Is Running Meditation?

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Meditation, and in particular mindfulness meditation, has been in the news a lot lately. A recent feature in The New Yorker titled “The Higher Life” lauded the benefits of mindfulness, including a heightened awareness of different physical sensations and an improved ability to deal with pain. Mindfulness can reportedly cure anxiety, lower blood pressure and promote better sleep. And, according to Lizzie Widdicombe, who experimented with mindfulness meditation when writing The New Yorker piece, “Like travel, the chief boon of meditation might be the way that it throws the place you came from into relief. I’d never noticed what an incredible racket was going on in my mind: to-do lists, scraps of conversations, ancient memories…As calm set in, I’d occasionally achieve a few seconds of relaxed concentration, the meditative grail, which felt as if I were walking on a balance beam.”

As I finished the New Yorker article, a singular thought filled my mind: “mindfulness” could have been replaced with “running,” and nearly everything would have held true. Does mindfulness really deserve all the hype? And why bother with meditation when I already have a robust running practice? Running is meditation—or so I thought.

Stripped down to its essence, mindfulness meditation “is being aware of what is inside and around us in the present moment,” says Elli Weisbaum, a mindfulness teacher and a co-founder of Partners in Mindfulness. “Our mind can time travel into the future or the past—and we are doing that constantly. A goal of meditation is having our mind completely resting in the here and now.”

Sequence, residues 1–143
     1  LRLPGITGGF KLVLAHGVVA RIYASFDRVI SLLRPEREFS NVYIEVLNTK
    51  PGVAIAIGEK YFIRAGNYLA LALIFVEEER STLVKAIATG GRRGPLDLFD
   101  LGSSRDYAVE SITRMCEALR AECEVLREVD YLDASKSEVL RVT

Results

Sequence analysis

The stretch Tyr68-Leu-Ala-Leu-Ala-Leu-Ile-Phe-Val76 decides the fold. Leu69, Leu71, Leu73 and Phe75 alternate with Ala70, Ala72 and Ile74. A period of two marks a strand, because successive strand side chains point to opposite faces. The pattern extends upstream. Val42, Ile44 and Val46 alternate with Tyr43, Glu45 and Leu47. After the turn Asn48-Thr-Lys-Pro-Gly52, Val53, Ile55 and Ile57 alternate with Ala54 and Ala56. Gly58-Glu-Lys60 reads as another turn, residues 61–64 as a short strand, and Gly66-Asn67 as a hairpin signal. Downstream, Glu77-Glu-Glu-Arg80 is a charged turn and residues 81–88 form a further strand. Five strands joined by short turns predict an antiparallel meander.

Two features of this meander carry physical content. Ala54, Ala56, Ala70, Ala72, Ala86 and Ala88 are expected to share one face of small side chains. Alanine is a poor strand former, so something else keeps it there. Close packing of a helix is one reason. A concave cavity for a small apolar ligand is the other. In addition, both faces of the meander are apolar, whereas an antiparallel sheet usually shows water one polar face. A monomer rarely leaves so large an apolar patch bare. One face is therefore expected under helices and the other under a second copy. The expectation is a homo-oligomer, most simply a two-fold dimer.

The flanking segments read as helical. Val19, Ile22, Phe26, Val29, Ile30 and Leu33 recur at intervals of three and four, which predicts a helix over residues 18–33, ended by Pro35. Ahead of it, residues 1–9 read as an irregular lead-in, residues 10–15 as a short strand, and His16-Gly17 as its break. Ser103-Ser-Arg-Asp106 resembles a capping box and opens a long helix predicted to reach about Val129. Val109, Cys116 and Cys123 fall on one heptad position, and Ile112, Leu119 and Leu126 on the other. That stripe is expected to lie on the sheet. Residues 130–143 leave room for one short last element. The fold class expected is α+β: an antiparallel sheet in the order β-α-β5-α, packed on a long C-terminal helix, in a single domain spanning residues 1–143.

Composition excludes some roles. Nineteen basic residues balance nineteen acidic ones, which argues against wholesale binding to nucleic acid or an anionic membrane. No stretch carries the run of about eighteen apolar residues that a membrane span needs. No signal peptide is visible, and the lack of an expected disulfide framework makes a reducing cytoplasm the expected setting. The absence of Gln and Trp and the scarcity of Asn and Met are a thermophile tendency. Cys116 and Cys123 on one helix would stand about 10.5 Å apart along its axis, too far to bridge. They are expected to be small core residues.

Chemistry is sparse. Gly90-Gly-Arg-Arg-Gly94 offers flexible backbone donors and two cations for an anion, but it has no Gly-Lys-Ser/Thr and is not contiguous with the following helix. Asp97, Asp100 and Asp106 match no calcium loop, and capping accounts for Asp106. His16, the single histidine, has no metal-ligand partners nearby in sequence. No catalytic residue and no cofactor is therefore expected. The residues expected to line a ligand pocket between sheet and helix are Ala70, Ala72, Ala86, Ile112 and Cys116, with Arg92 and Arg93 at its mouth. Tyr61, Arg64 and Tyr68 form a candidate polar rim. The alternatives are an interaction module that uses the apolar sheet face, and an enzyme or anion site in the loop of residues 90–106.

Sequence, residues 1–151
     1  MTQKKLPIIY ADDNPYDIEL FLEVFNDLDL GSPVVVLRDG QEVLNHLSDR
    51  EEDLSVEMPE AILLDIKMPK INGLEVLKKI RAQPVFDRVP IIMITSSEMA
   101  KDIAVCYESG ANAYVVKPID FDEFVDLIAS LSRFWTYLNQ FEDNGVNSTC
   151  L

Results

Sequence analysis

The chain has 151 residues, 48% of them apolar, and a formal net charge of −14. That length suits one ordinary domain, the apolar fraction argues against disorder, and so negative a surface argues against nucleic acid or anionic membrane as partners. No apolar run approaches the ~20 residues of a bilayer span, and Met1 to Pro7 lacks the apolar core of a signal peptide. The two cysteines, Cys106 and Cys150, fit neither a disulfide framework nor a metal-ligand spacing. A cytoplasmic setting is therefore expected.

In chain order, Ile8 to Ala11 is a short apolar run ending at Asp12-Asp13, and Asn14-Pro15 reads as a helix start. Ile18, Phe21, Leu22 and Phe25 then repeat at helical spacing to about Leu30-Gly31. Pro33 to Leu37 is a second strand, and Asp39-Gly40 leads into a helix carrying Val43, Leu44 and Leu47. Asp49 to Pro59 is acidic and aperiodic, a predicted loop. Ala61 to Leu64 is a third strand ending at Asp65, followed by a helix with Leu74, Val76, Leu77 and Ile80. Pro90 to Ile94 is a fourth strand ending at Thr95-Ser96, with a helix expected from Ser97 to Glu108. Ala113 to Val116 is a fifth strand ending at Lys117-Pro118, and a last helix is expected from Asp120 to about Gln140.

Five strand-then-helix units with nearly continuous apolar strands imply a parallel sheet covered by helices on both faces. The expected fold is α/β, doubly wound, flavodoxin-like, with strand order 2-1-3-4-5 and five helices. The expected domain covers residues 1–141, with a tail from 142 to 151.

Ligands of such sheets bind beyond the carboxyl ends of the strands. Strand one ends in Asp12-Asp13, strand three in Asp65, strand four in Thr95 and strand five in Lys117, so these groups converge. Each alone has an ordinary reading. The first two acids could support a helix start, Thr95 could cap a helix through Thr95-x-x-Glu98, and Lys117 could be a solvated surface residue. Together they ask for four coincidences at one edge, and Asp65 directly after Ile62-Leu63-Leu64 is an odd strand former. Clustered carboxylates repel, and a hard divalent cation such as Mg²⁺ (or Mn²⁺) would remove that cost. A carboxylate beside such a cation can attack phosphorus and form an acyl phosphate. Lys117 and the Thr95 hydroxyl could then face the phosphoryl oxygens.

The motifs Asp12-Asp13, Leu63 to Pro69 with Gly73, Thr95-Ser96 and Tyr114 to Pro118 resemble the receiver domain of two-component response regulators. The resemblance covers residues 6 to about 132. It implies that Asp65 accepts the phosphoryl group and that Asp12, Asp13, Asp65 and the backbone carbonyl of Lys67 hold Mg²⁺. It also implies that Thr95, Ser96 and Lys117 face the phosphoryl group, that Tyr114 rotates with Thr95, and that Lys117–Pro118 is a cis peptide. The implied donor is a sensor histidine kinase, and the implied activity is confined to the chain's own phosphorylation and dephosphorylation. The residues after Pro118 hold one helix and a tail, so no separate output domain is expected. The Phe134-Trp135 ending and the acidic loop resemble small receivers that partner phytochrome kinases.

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When I started describing to Weisbaum, formerly a professional dancer with the Ballet Creole in Toronto, what I sometimes experience while running—what many call flow, or being completely immersed in every movement and sensation, totally in the zone—she cut me off. “Mindfulness meditation is different because it’s within you,” she interjected. It doesn’t require a particular environment and it doesn’t arise organically. Rather, she says, “with meditation you are in control of your awareness. You are directing your attention.”

A common way to practice mindfulness meditation involves paying attention to the breath. By focusing solely on the breath for small chunks of time—things like the sound and feeling of air filling your lungs and flowing out of your nostrils—you strengthen your attention muscle.

When thoughts arise during this practice of focusing on the breath, you are not ignoring them, writes Sakyong Mipham, an esteemed Tibetan Lama who also runs marathons and is the author of Running with the Mind of Meditation. Instead, you are acknowledging those thoughts and releasing from them by returning to the breath. “You’re developing the ability to direct your thoughts and focus them on the object of your choosing,” he writes.

Viewed in this light, maybe mindfulness meditation is, in fact, distinct from running? Perhaps it is a tool that can be integrated into running to enhance experience and even performance.

Cameron Rentch, an accomplished ultrarunner based in San Diego, thinks so. “I use [mindfulness meditation] most in runs when I’m not feeling well,” he says. “When I sense that I’m entering a dark place or to deal with pain. Instead of being consumed by the negative feelings, I go back to my breath.” When I asked Rentch if he thinks mindfulness meditation has helped his running, he didn’t hesitate. “Oh yeah. Definitely,” he says. “It’s helped my running in a huge way.”